Robert Brown, FRS, lived from 21 December 1773 to 10 June 1858. He was a botanist best known for his work in Australia, and he was also the one of the first to observe the phenomenon since called Brownian motion. The wider picture in Scotland at the time is set out in our Historical Timeline.
Robert Brown was born in Montrose. After being schooled locally he went on to become a medical student at the University of Edinburgh, where fellow students included Thomas Dick and Robert Jameson. In 1795 he joined the army as a surgeon, and in 1800 volunteered to serve as the naturalist on board HMS Investigator during the circumnavigation of Australia by Captain Matthew Flinders, RN. The expedition arrived off what is now Western Australia in December 1801. Over the next two and a half years Brown collected some 3400 species of plants, of which around 2000 were previously unknown. Much of the collection was lost when the ship on which Brown was returning to England, HMS Porpoise was wrecked on the Great Barrier Reef in August 1803. He stayed in Australia until May 1805 reassembling his collection and then returned to Britain, where he spent five years studying the material and writing his Prodromus Florae Novae Hollandiae et Insulae Van Diemen, or "Prodromus of the Flora of New Holland and Van Diemen's Land".
In 1810 Brown was appointed librarian to the naturalist Sir Joseph Banks, and on Banks' death in 1820 Brown inherited his library and herbarium. He passed ownership to the British Museum in 1827, and was in return appointed Keeper of the Banksian Botanical Collection at the Museum.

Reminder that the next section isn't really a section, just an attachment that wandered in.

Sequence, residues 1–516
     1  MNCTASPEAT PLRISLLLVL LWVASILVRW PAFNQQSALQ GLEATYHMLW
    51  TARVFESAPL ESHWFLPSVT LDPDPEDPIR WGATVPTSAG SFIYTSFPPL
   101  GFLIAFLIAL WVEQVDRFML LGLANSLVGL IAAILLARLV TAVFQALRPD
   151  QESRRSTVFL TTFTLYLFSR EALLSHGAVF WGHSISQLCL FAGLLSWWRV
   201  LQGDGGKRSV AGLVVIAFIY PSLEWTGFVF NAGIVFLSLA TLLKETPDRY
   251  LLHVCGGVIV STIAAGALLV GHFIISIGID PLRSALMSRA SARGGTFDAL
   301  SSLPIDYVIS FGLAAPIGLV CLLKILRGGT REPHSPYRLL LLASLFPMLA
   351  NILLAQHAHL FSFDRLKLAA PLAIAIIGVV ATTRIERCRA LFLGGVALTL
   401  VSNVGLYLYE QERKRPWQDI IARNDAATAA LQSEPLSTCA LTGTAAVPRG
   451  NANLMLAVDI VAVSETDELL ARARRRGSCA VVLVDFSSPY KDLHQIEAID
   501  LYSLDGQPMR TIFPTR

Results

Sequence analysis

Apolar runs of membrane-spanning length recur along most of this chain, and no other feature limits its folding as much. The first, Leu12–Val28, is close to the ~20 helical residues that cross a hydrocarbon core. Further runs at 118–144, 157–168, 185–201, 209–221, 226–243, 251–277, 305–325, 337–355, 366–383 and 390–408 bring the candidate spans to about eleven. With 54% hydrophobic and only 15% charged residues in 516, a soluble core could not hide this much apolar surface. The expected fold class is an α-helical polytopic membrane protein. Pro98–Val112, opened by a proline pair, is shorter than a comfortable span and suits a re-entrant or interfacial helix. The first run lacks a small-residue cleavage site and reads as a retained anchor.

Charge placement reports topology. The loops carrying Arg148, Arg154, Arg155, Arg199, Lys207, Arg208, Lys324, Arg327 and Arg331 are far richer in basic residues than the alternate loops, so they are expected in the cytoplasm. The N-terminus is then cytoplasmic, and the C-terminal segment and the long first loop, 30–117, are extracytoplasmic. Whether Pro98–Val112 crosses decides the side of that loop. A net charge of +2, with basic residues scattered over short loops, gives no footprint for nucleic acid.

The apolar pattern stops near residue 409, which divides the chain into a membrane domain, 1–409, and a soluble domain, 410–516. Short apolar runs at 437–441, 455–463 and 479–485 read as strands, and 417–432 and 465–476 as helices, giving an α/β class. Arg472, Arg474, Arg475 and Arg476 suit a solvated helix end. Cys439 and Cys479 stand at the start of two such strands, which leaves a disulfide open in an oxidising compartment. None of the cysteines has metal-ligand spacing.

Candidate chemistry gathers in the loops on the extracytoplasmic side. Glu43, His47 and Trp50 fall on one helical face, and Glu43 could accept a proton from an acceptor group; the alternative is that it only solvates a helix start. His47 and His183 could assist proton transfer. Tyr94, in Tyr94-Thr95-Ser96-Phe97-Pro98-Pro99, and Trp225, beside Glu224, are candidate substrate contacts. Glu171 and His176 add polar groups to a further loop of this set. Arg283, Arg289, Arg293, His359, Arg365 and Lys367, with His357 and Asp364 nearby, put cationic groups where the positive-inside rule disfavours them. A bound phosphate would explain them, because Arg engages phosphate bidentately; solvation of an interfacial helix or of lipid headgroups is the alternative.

In 1827, Brown was using a microscope to study pollen grains and spores suspended in water. During the process he observed minute particles within the pollen grains undergoing a continuous jittery motion. He later observed the same type of motion in particles of dust, thus ruling out a cause associated with the pollen being alive. Brown did not produce an explanation for the motion, and it later emerged he had not actually been the first to observe it, but it is nonetheless known to modern science as Brownian motion. In a paper published in 1833, Brown became the first person to name and describe in detail the cell nucleus, though at the time he though it was a structure specific to the type of cells he was studying. In 1837 he became Keeper of the Botanical Department at the British Museum.
Robert Brown died in London in 1858. A number of the plants he discovered in Australia were named after him, as was Brown's Tetrodontium Moss, which he discovered at Roslin near Edinburgh while a student. Brown's River, in Tasmania, is also named after him.